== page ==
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Go with the Flow

Alice Stevens

The word “explorer” feels like an outdated term, redolent of a time when there were blank spaces on world maps, when embarking on an adventure meant perhaps not returning, when there were still great geographical unknowns. And the history of exploration is also not without baggage; it is hard to disentangle from colonialism and Eurocentrism, from the idea that the very existence of a place or a culture depends on whether it has been “discovered”’ by the West. But the word also captures something wonderful about the human condition ‑ a real commitment to discovery and observational knowledge, and a spirit of adventure and possibility.

If there are modern-day explorers, Wade Davis fits the bill. Like the celebrated Victorian adventurers, men and women of both science and art, Davis is as well-versed in history as he is in botany and anthropology. A native of British Columbia, with a doctorate from Harvard, he’s a poet, a photographer and the author of twenty-two books. His work has brought him to East Africa, Borneo, Nepal, Peru, Polynesia, Tibet, Mali, Benin, Togo, New Guinea, Australia, Colombia, Vanuatu, Mongolia, and the high Arctic of Nunavut and Greenland. He has used his time in these far-flung places wisely, aided by an approach to knowledge that is deeply experiential and personal. But what really distinguishes him as a modern-day explorer is his belief in the vast diversity of experience.

His multidisciplinary background makes for good reading. Davis’s books combine memoir, travelogue, history and journalism, bringing to mind Bruce Chatwin or Ryszard Kapuściński. The books are filled with anecdotes and eccentric characters, hearsay, historical sidenotes, notations about the properties of plants and descriptions of local mythologies and beliefs. He is interested in the intangible as well as the concrete, the emotional as well as the spiritual. He often presents history through the characters he meets. His is a deeply personal view of history and brings with it not just the intimacy of his first-person account but the emotion and intensity of his experiences and those who share his journeys. In his 1996 book One River, Davis described how he retraced the travels of his mentor, Richard Evans Schultes, who had spent twelve years in the northern Amazon of Colombia, by himself, researching medicinal plants and mapping rivers with a dug-out canoe and a gramophone.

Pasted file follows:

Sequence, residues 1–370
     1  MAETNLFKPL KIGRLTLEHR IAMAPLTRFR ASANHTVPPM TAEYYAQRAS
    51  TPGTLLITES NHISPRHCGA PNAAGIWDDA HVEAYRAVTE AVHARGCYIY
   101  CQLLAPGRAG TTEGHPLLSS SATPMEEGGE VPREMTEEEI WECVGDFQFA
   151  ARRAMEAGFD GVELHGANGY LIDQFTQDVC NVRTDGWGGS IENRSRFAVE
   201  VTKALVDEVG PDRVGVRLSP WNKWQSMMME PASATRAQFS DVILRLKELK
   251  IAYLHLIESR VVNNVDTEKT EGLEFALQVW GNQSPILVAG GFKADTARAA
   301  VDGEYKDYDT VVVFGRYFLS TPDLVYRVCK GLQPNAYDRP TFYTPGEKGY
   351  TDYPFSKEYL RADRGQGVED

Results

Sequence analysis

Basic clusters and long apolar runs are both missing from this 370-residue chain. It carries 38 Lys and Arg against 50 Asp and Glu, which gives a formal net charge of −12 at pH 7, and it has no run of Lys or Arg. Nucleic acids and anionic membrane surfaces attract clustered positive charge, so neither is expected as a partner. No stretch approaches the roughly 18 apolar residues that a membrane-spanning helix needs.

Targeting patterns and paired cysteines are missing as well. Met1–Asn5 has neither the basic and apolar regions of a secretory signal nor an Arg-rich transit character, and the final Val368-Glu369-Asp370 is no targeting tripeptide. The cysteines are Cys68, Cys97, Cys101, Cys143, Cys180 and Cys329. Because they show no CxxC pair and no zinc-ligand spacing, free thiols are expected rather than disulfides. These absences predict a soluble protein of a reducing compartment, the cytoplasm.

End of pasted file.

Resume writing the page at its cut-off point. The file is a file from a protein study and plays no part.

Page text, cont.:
Davis’s latest book, Magdalena: River of Dreams, could be considered a follow-up to One River. Both display Davis’s deep connection to and love of Colombia, where he became an honorary citizen in 2018. Among other things, the book is a history of Colombian literature, music, society and politics, all told through the story of the Magdalena, the longest river wholly in Colombia, which threads its way through 1,500 kilometres of countryside, from the Andean páramos to the Caribbean coast. Davis presents the Magdalena as a geographical and historical force that shaped a nation, and a character in her own right. The book’s title is not a sentimental gesture but a reflection on how the Magdalena has impacted on the collective Colombian imagination, influencing the literature of Gabriel García Márquez; the rhythms of cumbia, the musical backbone of Latin America; and the political ambitions of its leaders, including Simón Bolívar, who led independence movements not only in Colombia but in Venezuela, Peru, Ecuador and Bolivia. 

Davis’s narrative techniques pay tribute to the richness of Colombian culture. His retelling of history from the perspective of the natural world honours the worldview of many of Colombia’s Indigenous Peoples, who personify nature and see human action as just one element in a complex system of natural forces. Both the form and content of his narrative explore Colombia’s literary and musical traditions and unpack how they were influenced by the natural environment. By foregrounding the Magdalena, Davis illustrates how the river’s past and future are that of the country, drawing our attention to the legacy of colonisation and national identity and suggesting new pathways for political action to protect the environment in the second most biodiverse country in the world (Brazil being the first).

While Victorian explorers typically embodied the racism and paternalism of their time, Davis has dedicated his career to amplifying the voices of Indigenous Peoples, from the rainforests of Borneo to the Amazon to the Pacific islands. His book The Wayfinders: Why Ancient Wisdom Matters in the Modern World posits as its central question: “What does it mean to be human and alive?” and explores how Indigenous knowledge can help us tackle the challenges of our time. Indigenous communities aren’t relics and the preservation of their cultures is not an academic or anthropological exercise; they have had to adapt to the modern world like everyone else. Reading The Wayfinders, we become aware of the thrilling possibility that there are thousands of spiritual, cultural and ideological systems that have as much to contribute as Western thought and culture to how we respond to this generation’s societal and environmental problems.